A new vision for agriculture
momagri, movement for a world agricultural organization, is a think tank chaired by Christian Pèes.
It brings together, managers from the agricultural world and important people from external perspectives,
such as health, development, strategy and defense. Its objective is to promote regulation
of agricultural markets by creating new evaluation tools, such as economic models and indicators,
and by drawing up proposals for an agricultural and international food policy.
Focus on issues

Global governance and public policies, two imperatives for the same challenge

Momagri Editorial Board

The Agrimonde-Terra outlook study conducted by research specialists from the French National Institute for Agricultural Research (INRA) and the French Agricultural Research Center for International Development (CIRAD with the support of international experts focuses on land availability and use as well as food security by 2050, when the world population could reach 9.7 billion people. Five forecast scenarios have been developed

  • "Metropolization" describes the continuous growth of cities, whose inhabitants consume ever greater volumes of animal and/or processed products; no attempts are made to mitigate climate change; smallholders are marginalized.
  • "Regionalization”, recounts how the growth of medium-sized towns and their interconnection with rural areas would lead to the emergence of regional food systems, based on family farms and traditional foods.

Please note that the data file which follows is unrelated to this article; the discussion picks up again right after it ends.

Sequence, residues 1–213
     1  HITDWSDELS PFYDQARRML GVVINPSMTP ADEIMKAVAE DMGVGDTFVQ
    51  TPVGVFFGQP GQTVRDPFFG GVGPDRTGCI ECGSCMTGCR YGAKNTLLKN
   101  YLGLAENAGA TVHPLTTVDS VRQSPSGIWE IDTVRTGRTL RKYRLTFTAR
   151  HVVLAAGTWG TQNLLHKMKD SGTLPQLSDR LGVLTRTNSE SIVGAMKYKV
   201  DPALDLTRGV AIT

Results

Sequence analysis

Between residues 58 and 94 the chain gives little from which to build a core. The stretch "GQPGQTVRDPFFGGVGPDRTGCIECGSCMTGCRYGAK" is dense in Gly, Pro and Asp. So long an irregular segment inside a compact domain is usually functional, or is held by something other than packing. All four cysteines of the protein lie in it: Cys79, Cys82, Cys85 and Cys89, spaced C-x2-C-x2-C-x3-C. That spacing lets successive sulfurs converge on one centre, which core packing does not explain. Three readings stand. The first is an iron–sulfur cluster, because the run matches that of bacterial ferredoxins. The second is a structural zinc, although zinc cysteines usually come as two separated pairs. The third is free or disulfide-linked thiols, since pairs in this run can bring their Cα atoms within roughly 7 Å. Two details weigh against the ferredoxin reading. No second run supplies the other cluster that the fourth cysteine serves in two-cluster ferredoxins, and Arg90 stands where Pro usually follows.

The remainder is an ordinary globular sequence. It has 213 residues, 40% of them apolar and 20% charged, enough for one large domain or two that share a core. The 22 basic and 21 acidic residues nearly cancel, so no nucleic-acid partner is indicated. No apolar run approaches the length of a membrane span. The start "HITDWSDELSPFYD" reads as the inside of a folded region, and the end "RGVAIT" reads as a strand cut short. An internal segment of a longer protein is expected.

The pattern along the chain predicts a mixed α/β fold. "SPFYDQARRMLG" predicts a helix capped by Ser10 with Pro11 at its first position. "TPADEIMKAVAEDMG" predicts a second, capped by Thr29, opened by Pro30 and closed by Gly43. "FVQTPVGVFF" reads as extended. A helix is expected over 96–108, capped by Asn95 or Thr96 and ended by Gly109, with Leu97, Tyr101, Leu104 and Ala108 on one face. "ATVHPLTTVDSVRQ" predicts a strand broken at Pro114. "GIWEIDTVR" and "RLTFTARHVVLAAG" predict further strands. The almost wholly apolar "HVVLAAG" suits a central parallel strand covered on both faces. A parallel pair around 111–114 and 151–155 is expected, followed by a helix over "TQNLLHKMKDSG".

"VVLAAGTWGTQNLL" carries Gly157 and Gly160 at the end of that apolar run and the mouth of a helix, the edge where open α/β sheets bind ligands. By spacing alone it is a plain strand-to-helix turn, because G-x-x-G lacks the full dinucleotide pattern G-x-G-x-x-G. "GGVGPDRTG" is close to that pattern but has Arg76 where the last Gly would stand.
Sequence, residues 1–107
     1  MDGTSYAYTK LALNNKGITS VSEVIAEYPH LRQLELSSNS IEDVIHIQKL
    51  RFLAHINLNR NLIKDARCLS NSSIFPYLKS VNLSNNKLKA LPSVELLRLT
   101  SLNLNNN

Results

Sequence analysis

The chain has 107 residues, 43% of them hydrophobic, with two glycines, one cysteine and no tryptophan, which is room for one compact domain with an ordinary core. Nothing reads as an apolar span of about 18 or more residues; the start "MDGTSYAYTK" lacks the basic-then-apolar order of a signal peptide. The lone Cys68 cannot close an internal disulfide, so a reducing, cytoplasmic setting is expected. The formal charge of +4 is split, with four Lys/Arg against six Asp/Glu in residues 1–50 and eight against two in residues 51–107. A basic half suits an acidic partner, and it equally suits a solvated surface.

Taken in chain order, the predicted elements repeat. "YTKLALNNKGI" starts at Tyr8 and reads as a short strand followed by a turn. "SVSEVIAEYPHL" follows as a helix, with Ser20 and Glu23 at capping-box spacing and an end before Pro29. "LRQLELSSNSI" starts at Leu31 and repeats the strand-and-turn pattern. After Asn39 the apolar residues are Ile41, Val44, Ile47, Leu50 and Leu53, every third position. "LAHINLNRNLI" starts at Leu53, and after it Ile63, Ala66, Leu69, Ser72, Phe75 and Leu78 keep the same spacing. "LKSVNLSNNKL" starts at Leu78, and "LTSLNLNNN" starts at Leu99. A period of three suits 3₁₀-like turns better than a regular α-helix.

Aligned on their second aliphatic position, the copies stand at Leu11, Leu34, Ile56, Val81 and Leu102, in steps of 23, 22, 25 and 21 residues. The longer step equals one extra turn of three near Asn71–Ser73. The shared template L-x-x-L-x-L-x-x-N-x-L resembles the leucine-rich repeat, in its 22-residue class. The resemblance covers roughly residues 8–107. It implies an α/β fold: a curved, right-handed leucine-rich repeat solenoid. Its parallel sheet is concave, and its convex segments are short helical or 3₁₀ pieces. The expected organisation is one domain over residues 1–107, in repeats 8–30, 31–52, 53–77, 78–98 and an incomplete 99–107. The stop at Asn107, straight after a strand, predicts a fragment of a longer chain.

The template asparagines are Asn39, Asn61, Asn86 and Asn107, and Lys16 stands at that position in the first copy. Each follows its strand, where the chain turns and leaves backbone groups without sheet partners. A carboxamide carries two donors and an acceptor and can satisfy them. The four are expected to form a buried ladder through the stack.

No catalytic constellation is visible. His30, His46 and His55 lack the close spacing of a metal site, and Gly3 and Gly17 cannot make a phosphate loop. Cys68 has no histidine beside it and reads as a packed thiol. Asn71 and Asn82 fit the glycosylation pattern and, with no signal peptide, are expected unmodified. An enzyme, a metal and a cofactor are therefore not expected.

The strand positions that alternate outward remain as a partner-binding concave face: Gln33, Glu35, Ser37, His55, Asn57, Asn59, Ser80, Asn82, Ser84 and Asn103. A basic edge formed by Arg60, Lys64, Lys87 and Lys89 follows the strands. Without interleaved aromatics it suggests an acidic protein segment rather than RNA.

• "Households" , describes how, within a context of high mobility between rural and urban areas, hybrid diets develop, based on both traditional and modern supply chains, with agricultural land primarily managed by family farms and cooperatives.
  • "Healthy”, assumes that the cost of malnutrition will result in a switch to healthy diets, fostered by global cooperation and public policy, within a context of climate change stabilization and reconfiguration of farming systems.
  • At last, "Communities" , describes how recurrent crises may foster the development of small towns and communities in rural areas, whose aim would be to pool agricultural ownership so as to guarantee food security.

As a result, the experts from these two organizations ultimately feel that there is no ideal solution, only the scenario of “a healthy food diet” could ensure sustainable food security by 2050 that would allow “food supply that promotes health and eco-friendly farming practices and land uses. Achieving this precarious balance will require strong, coordinated public policies. A system of global governance will need to be developed for food security and land use to avert food crises, land grabs and deforestation and to attenuate climate change effects2”.

With regard to the similar study conducted by the two organizations in 20103, this new forecast is not as detailed about the issues linked to public policies and their global governance for agriculture and food. Yet one can only praise the fact that it recognizes the need for the implementation of a strong global governance system based on regulated trade that is required to ensure healthy, adequate and sustainable food. “The results of the Agrimonde-Terra (…) highlight the main levers for action, in particular the need for global land use governance that takes account not just of the agricultural and food sectors, but also other economic sectors. This should involve all the various stakeholders, and result in more diversified diets, new international trade regulations, more integrated crop and animal production systems and guaranteed access to land for a wide range of agricultural structures4.